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Desert Diary


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We've all heard of the phrase, "Salt of the earth", going back to biblical times. Living in a desert, though, perhaps the phrase isn't entirely benign. Originally meant as praise, the arid-land twist could well turn it into opprobrium. After all, in our irrigation-based agricultural economy, salt is about the last thing that we want—but we get it, wanted or not.

Most of our river water originates in clear, bubbling mountain streams. As the waters flow southward toward our desert, they dissolve and carry salts. At the same time, evaporation into the hot, desert air reduces the volume of the water, increasing the salt concentration. Finally reaching the fields along the Rio Grande, the now somewhat salty irrigation water spreads out, some evaporating, some sinking into the soil. In times of limited supply, the soil water lurks below, salt building up until plentiful water flushes it below the root zone—or until the land lies wasted. If continual drought is in the cards, we may well join ancient Babylon, done in by the salt of the earth.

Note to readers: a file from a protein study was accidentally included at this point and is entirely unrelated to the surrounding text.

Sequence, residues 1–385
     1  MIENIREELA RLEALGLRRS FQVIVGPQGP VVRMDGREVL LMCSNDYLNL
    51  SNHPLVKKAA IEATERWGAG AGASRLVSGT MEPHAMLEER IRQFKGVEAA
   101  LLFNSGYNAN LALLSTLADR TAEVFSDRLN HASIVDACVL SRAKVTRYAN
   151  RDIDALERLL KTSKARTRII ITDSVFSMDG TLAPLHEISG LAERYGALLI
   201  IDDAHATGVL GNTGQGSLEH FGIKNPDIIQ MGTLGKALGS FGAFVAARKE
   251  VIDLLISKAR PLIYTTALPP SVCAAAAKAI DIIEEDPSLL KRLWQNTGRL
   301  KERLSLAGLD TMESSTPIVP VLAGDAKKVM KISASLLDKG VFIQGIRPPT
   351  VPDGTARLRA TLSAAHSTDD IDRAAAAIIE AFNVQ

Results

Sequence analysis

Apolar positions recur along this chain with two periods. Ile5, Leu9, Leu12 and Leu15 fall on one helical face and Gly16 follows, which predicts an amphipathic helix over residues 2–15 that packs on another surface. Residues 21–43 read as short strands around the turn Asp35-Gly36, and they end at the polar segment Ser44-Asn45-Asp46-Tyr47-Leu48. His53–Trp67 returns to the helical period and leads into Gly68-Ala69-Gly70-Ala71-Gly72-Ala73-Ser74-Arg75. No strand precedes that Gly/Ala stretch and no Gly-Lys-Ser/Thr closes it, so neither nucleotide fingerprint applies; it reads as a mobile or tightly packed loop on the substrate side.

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Listen to the Audio (mp3 format) as recorded by KTEP, Public Radio for the Southwest.


Contributor: Arthur H. Harris, Laboratory for Environmental Biology, Centennial Museum, University of Texas at El Paso.

Desert Diary is a joint production of the Centennial Museum and KTEP National Public Radio at the University of Texas at El Paso.